Will Australia's largest banks get a $7.4 billion benefit from tax cuts over next decade? Saul Eslake

Jonathan ChancellorMay 30, 20160 min read


We are not convinced that giving the largest banks in Australia $7.4 billion over the next ten years is good for the budget. – Opposition Leader Bill Shorten, leaders’ debate speech, May 29, 2016.

Opposition Leader Bill Shorten’s line of attack during the leaders’ debate focused squarely on the Coalition’s long-term plan to cut the company tax rate from 30 percent to 25 percent.

Twice during the debate Shorten said the proposed tax cuts equated to giving A$7.4 billion over ten years to Australia’s big four banks (National Australia Bank, the Commonwealth Bank, ANZ and Westpac).

Is that right?

Checking the source

When asked for a source to support that assertion, a Labor spokeswoman referred The Conversation to modelling conducted by think-tank The Australia Institute.

The Labor spokeswoman said:

"Bill was emphasising the clear point of contrast in this election campaign, which is that Malcolm Turnbull wants to spend $50 billion giving huge companies a tax cut while Labor wants to invest in schools, Medicare and growing good jobs."

The Australia Institute modelling

In a press release, The Australia Institute said that for their economic modelling:

"The value of company tax provisions was derived from 2015 full year annual reports for the big four banks. That figure summed to $11,123 million. That figure was projected forward to 2026-27 to give the no-change scenario."

To arrive at the figure of $7.4 billion, The Australia Institute modelling assumed bank profit would increase in line with nominal Gross Domestic Product. Under this assumption, the amount of tax payable would also increase in line with nominal GDP. This would give nominal increases of:

  • 2.5 percent in 2015-16;
  • 4.25 percent in 2016-17; and
  • 5 percent in 2017-18 and subsequent years.

As the think tank noted in its press release, the company tax cuts would not affect the big banks until 2024-25. That’s when the 30 percent company tax rate will fall to 27 percent for all companies with further reductions of 1 percent per year, hitting 25% in 2026-27.

The Australia Institute calculated the following results:

Click to enlarge

A reasonable guesstimate – but not a fact

On these calculations, the “$7.4 billion over the next ten years” claim is not a fact. But it’s also not an unreasonable guesstimate – although it is, of course, really over the three years from 2024-25 through 2026-27. There is no advantage to the big banks over the first seven of the next ten years.

According to the Australian Taxation Office, the four big banks paid a total of $9.5 billion in company tax in the 2013-14 financial year.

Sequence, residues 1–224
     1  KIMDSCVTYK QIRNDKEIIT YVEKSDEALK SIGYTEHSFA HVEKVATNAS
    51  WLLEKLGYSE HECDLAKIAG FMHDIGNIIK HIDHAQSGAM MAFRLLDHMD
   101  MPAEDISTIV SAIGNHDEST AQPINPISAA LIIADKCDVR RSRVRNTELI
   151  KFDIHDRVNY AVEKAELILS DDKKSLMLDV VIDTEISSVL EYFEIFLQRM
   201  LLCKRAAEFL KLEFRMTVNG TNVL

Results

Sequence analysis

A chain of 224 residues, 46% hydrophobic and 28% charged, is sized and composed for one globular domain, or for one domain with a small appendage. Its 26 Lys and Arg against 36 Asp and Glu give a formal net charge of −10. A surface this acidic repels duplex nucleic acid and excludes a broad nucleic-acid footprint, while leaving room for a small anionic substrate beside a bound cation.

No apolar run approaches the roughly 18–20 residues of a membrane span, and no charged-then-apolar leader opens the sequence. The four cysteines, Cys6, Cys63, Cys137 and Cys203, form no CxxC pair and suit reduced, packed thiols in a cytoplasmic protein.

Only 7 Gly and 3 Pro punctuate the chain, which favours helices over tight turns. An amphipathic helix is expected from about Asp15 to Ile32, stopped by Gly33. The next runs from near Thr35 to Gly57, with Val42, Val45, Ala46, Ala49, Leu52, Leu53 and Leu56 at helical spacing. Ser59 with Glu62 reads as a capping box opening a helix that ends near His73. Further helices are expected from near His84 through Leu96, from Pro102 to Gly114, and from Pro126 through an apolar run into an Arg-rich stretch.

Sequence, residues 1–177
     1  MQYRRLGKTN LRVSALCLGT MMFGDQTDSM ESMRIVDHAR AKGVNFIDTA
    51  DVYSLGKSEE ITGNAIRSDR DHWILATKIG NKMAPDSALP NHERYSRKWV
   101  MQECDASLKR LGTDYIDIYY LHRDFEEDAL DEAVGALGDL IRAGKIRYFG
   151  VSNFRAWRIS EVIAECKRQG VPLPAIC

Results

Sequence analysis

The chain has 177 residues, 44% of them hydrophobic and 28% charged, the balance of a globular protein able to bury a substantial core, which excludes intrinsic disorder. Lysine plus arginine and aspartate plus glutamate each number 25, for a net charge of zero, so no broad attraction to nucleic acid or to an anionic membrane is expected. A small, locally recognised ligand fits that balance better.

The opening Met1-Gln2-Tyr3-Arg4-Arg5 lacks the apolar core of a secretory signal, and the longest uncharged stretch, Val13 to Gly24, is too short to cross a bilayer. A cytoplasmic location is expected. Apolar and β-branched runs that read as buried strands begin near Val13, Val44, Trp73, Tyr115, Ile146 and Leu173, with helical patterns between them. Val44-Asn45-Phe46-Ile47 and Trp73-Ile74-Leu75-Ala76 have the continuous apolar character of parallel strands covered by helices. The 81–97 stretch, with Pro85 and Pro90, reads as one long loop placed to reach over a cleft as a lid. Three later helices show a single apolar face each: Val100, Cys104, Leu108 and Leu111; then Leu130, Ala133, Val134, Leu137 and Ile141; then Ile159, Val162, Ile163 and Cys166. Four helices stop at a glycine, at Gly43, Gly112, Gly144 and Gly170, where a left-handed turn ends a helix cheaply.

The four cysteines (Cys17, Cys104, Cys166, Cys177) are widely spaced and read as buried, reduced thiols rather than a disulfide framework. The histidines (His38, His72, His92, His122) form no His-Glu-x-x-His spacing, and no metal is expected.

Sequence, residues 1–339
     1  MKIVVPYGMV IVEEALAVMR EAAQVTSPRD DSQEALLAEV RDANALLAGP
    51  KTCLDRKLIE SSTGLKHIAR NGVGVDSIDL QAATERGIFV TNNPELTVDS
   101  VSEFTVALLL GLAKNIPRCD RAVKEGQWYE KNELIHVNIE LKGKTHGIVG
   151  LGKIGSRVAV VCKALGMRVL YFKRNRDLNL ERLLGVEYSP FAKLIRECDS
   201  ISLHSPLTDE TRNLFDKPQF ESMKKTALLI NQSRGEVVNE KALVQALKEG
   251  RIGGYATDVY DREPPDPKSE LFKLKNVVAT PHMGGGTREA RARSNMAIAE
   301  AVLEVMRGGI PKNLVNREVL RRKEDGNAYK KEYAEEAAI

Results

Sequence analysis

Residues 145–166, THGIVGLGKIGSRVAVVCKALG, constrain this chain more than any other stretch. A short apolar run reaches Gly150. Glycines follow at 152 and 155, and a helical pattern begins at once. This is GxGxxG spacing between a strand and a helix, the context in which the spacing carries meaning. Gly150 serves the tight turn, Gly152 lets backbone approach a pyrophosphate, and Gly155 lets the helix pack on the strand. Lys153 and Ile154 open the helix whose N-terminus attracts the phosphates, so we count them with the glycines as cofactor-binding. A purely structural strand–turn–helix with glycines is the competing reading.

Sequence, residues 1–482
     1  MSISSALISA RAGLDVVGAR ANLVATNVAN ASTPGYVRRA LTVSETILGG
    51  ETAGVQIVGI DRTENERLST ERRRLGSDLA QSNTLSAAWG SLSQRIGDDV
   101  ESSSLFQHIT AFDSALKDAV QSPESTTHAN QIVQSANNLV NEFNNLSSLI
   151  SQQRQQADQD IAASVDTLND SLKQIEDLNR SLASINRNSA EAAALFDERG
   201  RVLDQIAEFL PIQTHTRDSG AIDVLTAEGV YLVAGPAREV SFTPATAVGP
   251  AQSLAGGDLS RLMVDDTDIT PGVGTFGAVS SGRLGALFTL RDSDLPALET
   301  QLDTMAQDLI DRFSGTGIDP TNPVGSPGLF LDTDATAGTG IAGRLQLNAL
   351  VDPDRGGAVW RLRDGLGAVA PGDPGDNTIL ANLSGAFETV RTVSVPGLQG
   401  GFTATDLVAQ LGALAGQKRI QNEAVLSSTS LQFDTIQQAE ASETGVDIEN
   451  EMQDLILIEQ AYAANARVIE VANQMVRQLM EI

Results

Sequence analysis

The government has proposed increasing the turnover threshold below which the rate of company tax payable is 27.5 percent, from $10 million in 2016-17 to $1 billion in 2022-23.

The government’s proposed policy says that the company tax rate for all companies (including the four big banks) with turnover exceeding $1 billion will fall from 30 percent to 27 percent in 2024-25, and then by a further one percentage point in 2025-26 and another percentage point (to 25 percent) in 2026-27.

So, on that basis, The Australia Institute’s maths checks out.

A grain of salt

As with all economic modelling, this modelling and any claims based on it should be taken with a large grain of salt.

Any assumption about the banks’ profit growth over the next ten years is entirely arbitrary, and I have no idea whether it is at all justified. Only time will tell.

If the banks' profits grew by only 2 percent per annum over this period, then the benefit to them from the cut in the company tax rate proposed by the Coalition would be “only” $4.8 billion; if they grew by 10% per annum the benefit to them would be $12 billion (over the three years from 2024-25 to 2026-27).


Shorten’s statement relies on modelling assumptions made by The Australia Institute think-tank about bank profit growth. It is not a statement of fact but rather a guesstimate. It is not an unreasonable guesstimate, but depends entirely on whether the think tank’s assumptions about bank profit growth come true or not. 

  is vice-chancellor’s fellow, University of Tasmania and author for The Conversation. He can be contacted here.

Jonathan Chancellor

Jonathan Chancellor is one of Australia's most respected property journalists, having been at the top of the game since the early 1980s. Jonathan co-founded the property industry website Property Observer and has written for national and international publications.
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